JERONIMO M. CRISTOBAL
One of the Thirteen Martyrs of Bagumbayan
He was an infantry corporal in the regiment known by the nickname “Burgos.” As he stood there facing the array of guns pointed menacingly at him and his companions, he must have thought it rather unreal that he should meet his fate at the hands of his former comrades-in-arms, some of whom could have been his friends.
His name was Jeronimo Cristobal y Medina, one of the 13 martyrs of Bagumbayan. He is said to have been one of those who instigated the revolt in San Juan del Monte on August 30, 1896 signaling the start of the 1896 Revolution.
It all started one ominous night when Spanish authorities raided the printing shop of the Diario de Manila- where many of its staff were Katipunan members - and confiscated incriminating materials that would confirm the existence of the much whispered-about and feared secret society of determined men who were said to be plotting a bloody revolution for the independence of the Philippines. Houses and other places were also raided, and suspected members, sympathizers, and supporters of the Katipunan were arrested and thrown into prison. Many of them were brutally tortured.
Among them was Pio Valenzuela, who identified Cristobal as a Katipunero during his testimony before a military court on September 6, 1896. Valenzuela admitted knowing him since they were both natives of Polo, (now Valenzuela City), Bulacan; that Cristobal was the Secretary of the Katipunan section Maluningning (“diamond”), and that he was a zealous recruiter of members, one of them “one Braulio Flamenco, who later established the Polo section to which the witness [Valenzuela] paid his subscription.” However, Valenzuela confessed he was unaware whether or not it was Cristobal who had instigated the first revolt in Pasig.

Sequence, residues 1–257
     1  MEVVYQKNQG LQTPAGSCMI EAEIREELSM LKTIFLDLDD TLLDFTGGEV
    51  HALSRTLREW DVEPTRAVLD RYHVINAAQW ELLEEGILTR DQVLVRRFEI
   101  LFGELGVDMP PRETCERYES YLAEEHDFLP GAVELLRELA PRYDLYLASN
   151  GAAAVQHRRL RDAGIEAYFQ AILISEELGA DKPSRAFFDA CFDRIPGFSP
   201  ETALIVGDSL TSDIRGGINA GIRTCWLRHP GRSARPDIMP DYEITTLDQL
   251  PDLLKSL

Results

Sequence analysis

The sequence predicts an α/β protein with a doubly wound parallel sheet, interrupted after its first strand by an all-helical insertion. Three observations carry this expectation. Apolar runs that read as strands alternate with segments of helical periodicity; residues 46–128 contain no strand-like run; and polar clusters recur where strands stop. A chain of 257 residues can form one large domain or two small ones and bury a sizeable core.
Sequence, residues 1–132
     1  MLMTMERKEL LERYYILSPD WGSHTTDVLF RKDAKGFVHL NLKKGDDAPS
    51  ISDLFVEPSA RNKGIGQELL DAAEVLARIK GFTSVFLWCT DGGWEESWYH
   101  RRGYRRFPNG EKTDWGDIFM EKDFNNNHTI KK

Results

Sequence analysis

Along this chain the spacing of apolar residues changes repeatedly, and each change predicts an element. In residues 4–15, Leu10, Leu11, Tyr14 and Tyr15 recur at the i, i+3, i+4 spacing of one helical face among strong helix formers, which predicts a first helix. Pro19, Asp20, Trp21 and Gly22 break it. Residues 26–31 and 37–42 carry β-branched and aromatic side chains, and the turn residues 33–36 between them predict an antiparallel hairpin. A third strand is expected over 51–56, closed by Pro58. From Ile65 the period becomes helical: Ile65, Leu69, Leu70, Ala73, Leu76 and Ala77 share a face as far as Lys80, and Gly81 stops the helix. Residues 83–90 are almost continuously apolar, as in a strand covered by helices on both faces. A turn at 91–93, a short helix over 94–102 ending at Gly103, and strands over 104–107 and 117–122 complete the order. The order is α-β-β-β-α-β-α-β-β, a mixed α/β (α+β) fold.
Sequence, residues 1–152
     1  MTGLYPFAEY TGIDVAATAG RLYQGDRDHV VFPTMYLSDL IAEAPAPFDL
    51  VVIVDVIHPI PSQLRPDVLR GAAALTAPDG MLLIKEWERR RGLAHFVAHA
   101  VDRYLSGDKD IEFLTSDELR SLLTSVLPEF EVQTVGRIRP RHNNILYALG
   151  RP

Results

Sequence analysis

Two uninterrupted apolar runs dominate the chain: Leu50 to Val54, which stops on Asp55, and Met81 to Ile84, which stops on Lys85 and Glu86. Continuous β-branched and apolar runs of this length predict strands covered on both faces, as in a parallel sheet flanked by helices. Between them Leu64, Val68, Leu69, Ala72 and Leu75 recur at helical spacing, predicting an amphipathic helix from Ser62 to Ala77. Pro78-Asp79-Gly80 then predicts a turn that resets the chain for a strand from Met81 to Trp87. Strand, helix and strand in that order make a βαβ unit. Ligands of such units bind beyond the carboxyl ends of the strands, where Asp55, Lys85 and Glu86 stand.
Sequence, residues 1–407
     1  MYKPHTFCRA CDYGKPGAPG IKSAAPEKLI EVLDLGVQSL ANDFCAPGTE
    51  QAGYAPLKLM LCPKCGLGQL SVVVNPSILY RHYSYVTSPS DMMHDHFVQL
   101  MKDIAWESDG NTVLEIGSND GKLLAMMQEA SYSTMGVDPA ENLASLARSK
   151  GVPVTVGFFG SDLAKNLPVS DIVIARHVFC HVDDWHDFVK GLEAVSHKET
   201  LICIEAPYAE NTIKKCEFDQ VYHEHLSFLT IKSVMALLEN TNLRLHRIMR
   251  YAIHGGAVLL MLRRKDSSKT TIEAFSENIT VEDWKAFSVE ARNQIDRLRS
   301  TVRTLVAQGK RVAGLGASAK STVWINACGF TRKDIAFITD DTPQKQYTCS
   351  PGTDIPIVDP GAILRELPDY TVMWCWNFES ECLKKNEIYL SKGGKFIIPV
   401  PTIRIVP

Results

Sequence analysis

Cristobal, along with 12 of his compatriots, was shot at Bagumbayan on January 11,1897. They would be honored henceforth as the 13 martyrs of Bagumbayan.
To perpetuate his memory a street in Paco was named Cristobal by the city council of Manila on 20 November 1912.
Bauer, Charles A. “More Street Names of Manila and their Origins”, Historical Bulletin.
Volume XVI, Nos. 1-4 (January-December 1971) p. 348.
Manuel, E. Arsenio. Dictionary of Philippine Biography Volume II Q.C.: Filipiniana
Publications, 1970 p. 42.
Minutes of the Katipunan. Manila: Reprinted by the National Historical Institute, 1964
Zaide, Gregorio F. Great Filipinos in History. Manila: Verde Book Store, 1970.
______________. The Philippine Revolution. Manila: The Modern Book Company, 1968.